So often when working from home, it is easy to forget the need to still dress as if you are “going to work.” I worked from home for eight months and now still spend a few days a week working from home as a blog writer. The first thing people always say is, “Boy it must be nice to spend all day in your pajamas!” As tempting as those flannel pj’s  and no makeup days are, there is a very direct connection between how you look and how you feel.

Image is not only how others perceive you, but also a reflection of how you feel about yourself. Many people feel that it is vain or a waste of time to make appearance a top priority, when, in fact, it is just another part of improving your business. Imagine showing up to work at an office in sweatpants! I’m sure you’ve been tempted. The same reason you would not, then should be the same reason you would not while working from home.

While working for someone you never know when they will come by, and that reason alone is enough to be dressed up. The same concept applies from home, but this time you’re the boss. Let’s be honest: who doesn’t want the boss to be impressed? A great rule to follow in many walks of life is to always be prepared. You never know when that one opportunity will walk into your life to change it for good.

So, why not be prepared in every aspect, including your image. (more…)

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Don’t Quit Your Day Job: You Can Freelance and Still Work Full Time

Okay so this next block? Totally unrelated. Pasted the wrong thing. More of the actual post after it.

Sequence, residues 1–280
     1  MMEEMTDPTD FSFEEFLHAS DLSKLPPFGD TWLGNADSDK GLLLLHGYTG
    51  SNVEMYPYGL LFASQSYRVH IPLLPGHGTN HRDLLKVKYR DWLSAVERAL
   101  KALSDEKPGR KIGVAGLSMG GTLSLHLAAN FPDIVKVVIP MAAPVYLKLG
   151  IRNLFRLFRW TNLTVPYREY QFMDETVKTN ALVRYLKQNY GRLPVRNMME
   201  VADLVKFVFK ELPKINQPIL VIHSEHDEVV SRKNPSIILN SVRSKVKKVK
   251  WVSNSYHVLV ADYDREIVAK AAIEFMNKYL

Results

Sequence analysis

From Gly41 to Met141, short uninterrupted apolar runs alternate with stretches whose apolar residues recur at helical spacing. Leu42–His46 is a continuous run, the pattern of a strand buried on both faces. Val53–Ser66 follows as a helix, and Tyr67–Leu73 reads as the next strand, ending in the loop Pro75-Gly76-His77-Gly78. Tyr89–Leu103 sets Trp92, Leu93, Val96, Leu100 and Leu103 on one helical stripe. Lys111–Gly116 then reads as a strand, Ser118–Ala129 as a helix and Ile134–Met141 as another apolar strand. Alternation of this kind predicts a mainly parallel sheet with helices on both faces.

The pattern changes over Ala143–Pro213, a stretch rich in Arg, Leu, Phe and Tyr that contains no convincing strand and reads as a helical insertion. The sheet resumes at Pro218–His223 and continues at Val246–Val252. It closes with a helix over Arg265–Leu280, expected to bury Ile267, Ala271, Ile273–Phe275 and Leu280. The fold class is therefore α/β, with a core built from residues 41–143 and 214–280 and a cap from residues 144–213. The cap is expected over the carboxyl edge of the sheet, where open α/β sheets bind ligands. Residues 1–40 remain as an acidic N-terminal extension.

Don’t Quit Your Day Job: You Can Freelance and Still Work Full TimeBy Sarah Ratliff

I was raised by parents who lived through the Great Depression. My father was born in 1923, before it began, and my mother was born in 1933, as it was well underway. In both instances only their mothers were able to hold on to their jobs. My paternal grandmother was a schoolteacher and my maternal grandmother worked as a domestic (today we’d call this a combination chef and housekeeper) to a wealthy family.

Both had job security.

Having lived through such extreme economic uncertainty, my parents, along with many others from that era, believed the only way to all but guarantee financial security was to get an advanced education, followed by a job in a financially stable company—ideally a Fortune 500 one. (more…)

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Is Your Proposal Worth the Price?

Is Your Proposal Worth the Price?By Angie Nelson

When it comes to freelance writing, one of the largest components of your business is in writing proposals. Doubtless, you spend a good portion of your time as a freelancer crafting proposals, be they responses to requests for proposals (RFPs), proposals for bidding sites, queries to magazines, or another form of proposal. Many times, it is easy to get complacent about proposals and maybe even a little lackadaisical about it. Proposals can become routine, and sometimes instead of putting together a specialized sample or bothering to get that quote ahead of time, writers stick with the bare minimum and focus on sending quantity over quality proposals.

But think about something – what are you asking for in your proposal, and is your proposal worth the price?

Your Proposal Is All They See

You might be the best writer on the planet. Maybe you’ve sold a ton of e-books. Maybe you’ve written ten novels that sold off the shelves. But unless your name rhymes with Even Sing, you probably aren’t going to register in the mind of whoever you’re proposing without a killer proposal. (more…)